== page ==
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The Royal Wedding homelessness row signifies a bigger issue

AFFECT: Prince Harry and Meghan Markle (Photo credit: PA)

THE ROYAL wedding between Prince Harry and Meghan Markle has caused controversy in regards to its location. A Tory conservative on the Windsor council, Simon Dudley, instructed that beggars and homeless people be removed from the Windsor area before the wedding takes place.

The councilman said that rough sleepers have turned the “beautiful town” into a “sadly unfavourable light". He went on to tweet that there has been an “epidemic of rough sleeping and vagrancy” in the area, as well as that, he wanted the police “to focus on dealing with this before the #RoyalWedding”.

As his tweets went viral, they drew criticism from the Prime Minister and certain homeless charities. Theresa May told the BBC: “I don't agree with the comments that the leader of the council has made”. She went on to say that the council, as well as her government, needs to do more to provide those that are homeless with accommodation.

The idea that the problem is rough sleeping, and not the fact that homelessness has skyrocketed, shows the lack of compassion people in power have for the less fortunate. As a society, we’ve adopted a superiority complex in regards to the way we view the homeless.

Instead of immediately thinking we are better than a rough sleeper, we should understand that it can happen to any one of us; our situations can change at any given moment. We can not contently call ourselves a society, if we’re willing to overlook the growing problem that is homelessness.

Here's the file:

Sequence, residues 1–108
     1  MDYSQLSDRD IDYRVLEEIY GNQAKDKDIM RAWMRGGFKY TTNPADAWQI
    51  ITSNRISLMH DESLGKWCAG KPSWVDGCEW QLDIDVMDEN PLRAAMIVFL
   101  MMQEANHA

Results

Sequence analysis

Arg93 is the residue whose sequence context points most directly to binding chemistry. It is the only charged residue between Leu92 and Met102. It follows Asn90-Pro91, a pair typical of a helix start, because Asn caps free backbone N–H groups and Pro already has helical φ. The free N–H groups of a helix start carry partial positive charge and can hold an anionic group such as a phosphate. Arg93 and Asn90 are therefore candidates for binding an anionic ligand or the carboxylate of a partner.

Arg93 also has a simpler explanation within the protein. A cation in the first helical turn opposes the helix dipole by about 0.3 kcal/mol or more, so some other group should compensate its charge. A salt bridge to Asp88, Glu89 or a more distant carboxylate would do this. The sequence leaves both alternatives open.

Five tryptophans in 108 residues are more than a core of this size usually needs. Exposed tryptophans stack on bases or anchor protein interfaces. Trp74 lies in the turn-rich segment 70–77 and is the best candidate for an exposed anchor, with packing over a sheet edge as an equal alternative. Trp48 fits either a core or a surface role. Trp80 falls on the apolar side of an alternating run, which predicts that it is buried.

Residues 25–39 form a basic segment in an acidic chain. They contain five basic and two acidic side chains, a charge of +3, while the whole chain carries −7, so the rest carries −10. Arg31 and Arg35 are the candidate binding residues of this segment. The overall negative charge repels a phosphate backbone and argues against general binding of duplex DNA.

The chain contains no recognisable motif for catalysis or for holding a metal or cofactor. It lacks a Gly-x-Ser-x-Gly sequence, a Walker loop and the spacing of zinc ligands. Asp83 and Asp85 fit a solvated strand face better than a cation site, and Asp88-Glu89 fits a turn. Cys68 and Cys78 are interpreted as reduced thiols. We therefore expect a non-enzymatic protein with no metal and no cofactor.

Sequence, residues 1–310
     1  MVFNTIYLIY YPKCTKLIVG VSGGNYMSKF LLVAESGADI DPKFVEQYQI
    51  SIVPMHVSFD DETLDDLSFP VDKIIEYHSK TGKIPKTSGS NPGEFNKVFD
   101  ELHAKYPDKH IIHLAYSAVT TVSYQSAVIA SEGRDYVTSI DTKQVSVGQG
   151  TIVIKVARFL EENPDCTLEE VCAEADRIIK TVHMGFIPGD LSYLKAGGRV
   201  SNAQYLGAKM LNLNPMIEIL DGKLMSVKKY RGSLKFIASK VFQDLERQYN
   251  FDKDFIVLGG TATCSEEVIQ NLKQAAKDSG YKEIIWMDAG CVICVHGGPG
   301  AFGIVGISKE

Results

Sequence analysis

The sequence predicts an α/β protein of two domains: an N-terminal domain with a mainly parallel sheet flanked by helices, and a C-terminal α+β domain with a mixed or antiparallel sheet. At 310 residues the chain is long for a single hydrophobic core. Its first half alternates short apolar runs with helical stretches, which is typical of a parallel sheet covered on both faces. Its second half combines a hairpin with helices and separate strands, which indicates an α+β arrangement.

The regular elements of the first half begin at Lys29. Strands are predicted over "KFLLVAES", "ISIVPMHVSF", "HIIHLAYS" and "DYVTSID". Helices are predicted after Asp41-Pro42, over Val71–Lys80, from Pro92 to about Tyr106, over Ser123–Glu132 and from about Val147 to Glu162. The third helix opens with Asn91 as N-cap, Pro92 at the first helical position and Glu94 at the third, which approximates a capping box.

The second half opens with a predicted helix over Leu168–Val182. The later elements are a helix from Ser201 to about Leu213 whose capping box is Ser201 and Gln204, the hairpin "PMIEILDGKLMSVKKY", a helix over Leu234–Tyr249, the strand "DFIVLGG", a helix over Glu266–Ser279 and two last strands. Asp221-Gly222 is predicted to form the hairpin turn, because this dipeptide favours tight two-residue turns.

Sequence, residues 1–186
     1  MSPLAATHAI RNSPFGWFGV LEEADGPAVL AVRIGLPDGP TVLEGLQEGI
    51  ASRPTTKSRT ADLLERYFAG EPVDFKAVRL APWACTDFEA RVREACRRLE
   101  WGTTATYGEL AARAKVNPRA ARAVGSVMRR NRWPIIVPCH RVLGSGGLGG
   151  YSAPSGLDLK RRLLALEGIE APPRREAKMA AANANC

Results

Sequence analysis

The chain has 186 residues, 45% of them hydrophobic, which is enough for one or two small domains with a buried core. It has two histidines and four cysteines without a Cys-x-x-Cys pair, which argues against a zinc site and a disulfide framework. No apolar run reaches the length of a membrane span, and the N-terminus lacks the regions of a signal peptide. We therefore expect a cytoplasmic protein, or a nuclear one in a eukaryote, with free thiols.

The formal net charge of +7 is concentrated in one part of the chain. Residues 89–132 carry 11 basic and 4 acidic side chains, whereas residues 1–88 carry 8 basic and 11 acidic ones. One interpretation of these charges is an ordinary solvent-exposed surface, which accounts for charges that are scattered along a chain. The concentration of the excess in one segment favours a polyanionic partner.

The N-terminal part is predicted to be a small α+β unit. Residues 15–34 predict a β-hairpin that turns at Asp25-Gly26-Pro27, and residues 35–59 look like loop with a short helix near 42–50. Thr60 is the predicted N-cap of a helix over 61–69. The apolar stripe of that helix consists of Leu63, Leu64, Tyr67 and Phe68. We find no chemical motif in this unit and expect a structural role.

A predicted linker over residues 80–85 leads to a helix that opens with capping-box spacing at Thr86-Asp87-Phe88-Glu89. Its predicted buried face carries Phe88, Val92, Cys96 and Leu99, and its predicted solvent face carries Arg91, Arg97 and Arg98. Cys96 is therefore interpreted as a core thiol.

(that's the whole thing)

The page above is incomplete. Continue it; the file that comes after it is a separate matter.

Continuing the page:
A week before the royal wedding dispute, a homeless man, 66, was found dead in car park in Bournemouth. A friend that found the rough sleeper, by the name of Kev, said a few days before, the council removed his sleeping bag along with other possessions.

Previously, the council was under fire after it was found that they played bagpipes near a bus stop, to deter homeless people from sleeping there. Many were even given one way tickets to leave the town.

Claire Matthews, a spokeswoman from charity kHope For Food, said she was told by some homeless people that sleeping bags were being removed by the council, in a bid to clean up the area.

To remove a person’s only source of warmth, because you deem it ‘unsightly’ is not only despicable, it goes against the moral and ethical duties a person on a council should have. The most vulnerable of society are being demonised and harassed by councils to vacate the area, rather than shown kindness and given acceptable housing. A homeless person doesn’t lose their civil rights just because their living predicament differs to ours - they are still just as much as a person as we are.

This unfortunate situation made its way to social media, making many call out the council.

One reader expressed their anger, tweeting “The calculated nastiness of (some) humans, knows no bounds. They can come up with all manner of variations on cruelty, given a little time. And that about playing the bagpipes outside the station so they can't sleep is quite something...”

Another person simply said “Murders on their hands”.

Despite the apparent outrage, this did not stop some people from showing support for the council, and a lack of sympathy for the deceased.

A person tweeted “Articles are bulls**t they make it out like they prized his sleeping bag from his hands which won’t be the case! he would of bin 2 busy out there harassing ppl 4 their hard earned £ to hide his bag proper ???? if there was more decency instead of papertalk things may of bin diff ????”

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